No history is more direct and more personal than oral history. Whereas documents can give us empirical information, facts and statistics; oral history allows us to know how people felt about the events that shaped their lives. This is history at its most subjective. Rather like a witness at a trail, the interviewee gives their interpretation, their account; it is up to us as juror or judge to decide what we believe – the more accounts we hear, the more likely we are to come to a sound conclusion.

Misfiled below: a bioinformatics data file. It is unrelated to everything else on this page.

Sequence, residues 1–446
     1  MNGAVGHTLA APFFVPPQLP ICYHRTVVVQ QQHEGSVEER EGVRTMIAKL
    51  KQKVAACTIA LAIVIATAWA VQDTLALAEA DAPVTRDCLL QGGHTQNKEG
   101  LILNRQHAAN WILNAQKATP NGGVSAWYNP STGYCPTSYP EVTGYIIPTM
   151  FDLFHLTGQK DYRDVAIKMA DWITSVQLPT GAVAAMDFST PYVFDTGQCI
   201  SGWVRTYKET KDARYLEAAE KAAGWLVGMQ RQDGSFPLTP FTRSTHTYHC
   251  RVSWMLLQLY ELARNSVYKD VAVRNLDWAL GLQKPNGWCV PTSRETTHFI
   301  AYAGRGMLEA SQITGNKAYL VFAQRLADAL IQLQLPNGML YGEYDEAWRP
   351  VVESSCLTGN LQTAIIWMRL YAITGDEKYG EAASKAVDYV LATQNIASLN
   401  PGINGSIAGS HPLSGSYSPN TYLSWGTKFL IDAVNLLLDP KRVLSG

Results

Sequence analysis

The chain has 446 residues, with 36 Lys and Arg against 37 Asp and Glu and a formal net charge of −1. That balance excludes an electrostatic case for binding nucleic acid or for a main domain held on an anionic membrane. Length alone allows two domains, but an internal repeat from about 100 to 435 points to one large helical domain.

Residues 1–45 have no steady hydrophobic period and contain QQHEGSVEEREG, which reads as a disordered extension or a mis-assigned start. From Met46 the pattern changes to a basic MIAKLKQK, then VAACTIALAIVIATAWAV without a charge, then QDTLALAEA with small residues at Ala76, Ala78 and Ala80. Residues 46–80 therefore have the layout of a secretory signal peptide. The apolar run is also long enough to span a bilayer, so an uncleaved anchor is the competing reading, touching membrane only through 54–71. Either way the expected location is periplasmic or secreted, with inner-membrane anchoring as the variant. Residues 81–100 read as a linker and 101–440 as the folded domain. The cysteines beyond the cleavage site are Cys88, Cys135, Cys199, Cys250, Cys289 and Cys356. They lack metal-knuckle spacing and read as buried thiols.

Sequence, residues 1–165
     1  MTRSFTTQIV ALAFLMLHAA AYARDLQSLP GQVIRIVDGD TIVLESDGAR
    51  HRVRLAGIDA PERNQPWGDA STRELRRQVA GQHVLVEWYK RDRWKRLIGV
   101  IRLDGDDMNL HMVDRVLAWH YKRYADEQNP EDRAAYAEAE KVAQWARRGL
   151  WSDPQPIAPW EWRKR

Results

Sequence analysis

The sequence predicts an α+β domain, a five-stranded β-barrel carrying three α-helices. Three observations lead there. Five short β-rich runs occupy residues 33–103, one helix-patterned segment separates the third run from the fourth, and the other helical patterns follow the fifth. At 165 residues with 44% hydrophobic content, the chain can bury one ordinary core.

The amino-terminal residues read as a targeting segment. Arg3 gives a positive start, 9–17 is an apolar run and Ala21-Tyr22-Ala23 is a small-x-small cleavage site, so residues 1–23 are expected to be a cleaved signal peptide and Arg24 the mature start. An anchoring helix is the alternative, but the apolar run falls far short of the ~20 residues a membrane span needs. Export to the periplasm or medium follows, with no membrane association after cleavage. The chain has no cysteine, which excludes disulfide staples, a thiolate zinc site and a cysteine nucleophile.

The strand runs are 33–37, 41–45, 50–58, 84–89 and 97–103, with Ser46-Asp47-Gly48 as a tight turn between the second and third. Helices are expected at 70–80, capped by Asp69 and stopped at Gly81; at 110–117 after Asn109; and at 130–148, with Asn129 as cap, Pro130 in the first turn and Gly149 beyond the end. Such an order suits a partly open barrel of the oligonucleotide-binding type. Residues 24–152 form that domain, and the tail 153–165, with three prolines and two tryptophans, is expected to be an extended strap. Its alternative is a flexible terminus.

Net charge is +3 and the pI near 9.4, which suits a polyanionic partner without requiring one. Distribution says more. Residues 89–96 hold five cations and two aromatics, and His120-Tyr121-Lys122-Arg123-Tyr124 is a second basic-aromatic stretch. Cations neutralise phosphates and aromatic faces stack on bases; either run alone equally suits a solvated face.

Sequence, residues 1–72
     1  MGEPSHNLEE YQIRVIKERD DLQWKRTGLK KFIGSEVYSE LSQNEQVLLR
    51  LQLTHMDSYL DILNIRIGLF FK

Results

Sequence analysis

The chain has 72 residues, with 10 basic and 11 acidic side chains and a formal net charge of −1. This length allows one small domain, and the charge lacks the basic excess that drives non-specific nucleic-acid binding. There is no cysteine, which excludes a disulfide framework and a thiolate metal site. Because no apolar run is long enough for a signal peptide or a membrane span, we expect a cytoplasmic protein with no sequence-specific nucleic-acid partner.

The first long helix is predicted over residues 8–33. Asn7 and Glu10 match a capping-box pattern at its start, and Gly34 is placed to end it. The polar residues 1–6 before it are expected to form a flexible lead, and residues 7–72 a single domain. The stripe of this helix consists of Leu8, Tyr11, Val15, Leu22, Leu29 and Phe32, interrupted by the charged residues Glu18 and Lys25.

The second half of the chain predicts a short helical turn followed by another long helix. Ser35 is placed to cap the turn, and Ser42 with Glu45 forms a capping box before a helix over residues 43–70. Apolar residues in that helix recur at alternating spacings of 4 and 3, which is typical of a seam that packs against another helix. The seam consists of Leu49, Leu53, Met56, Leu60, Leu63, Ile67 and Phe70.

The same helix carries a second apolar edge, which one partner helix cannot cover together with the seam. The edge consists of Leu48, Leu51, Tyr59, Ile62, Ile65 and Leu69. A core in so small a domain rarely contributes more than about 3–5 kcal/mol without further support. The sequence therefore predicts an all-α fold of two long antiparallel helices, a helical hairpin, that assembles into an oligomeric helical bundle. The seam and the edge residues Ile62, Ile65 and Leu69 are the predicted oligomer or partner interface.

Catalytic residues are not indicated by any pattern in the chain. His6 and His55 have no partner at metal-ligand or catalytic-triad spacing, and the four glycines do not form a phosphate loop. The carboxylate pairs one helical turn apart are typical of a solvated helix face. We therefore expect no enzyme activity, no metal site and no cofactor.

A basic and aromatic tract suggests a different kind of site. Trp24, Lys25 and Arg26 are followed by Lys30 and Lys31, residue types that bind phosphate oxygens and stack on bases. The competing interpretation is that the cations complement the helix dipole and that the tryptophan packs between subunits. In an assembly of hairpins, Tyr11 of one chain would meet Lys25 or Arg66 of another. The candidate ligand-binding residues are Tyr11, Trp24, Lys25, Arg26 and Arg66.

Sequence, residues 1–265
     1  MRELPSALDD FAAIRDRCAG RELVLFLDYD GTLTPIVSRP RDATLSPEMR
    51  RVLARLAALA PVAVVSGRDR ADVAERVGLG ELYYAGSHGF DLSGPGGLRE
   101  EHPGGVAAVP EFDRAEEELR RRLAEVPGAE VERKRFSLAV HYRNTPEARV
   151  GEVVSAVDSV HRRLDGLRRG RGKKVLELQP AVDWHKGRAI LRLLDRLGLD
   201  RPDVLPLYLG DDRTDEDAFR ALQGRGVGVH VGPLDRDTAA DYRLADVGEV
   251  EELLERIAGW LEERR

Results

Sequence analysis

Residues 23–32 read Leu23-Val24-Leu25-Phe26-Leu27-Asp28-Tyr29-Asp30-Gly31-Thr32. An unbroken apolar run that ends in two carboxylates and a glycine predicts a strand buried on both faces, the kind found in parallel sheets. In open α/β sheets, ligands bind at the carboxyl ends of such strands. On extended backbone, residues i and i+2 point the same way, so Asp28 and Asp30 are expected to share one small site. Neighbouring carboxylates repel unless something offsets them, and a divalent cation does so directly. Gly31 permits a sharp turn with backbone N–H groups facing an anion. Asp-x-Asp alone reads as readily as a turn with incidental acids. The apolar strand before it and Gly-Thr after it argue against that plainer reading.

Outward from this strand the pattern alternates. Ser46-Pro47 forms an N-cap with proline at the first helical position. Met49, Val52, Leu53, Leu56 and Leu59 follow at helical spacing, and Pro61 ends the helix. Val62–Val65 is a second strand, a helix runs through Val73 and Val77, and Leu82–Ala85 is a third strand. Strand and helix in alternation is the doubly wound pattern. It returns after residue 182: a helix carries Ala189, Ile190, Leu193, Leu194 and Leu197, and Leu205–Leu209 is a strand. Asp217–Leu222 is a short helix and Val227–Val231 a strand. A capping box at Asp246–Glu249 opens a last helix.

We are working with our partner schools to facilitate interviews between school pupils and their older relatives or neighbours. Before the arrival of coronavirus, we had planned for these to be face-to-face interviews, accompanied by teachers and project workers. We still hope that this can happen later this year or next year. While the current health crisis continues, we will be working with our school partners to see how interviews can be safely conducted by digital means.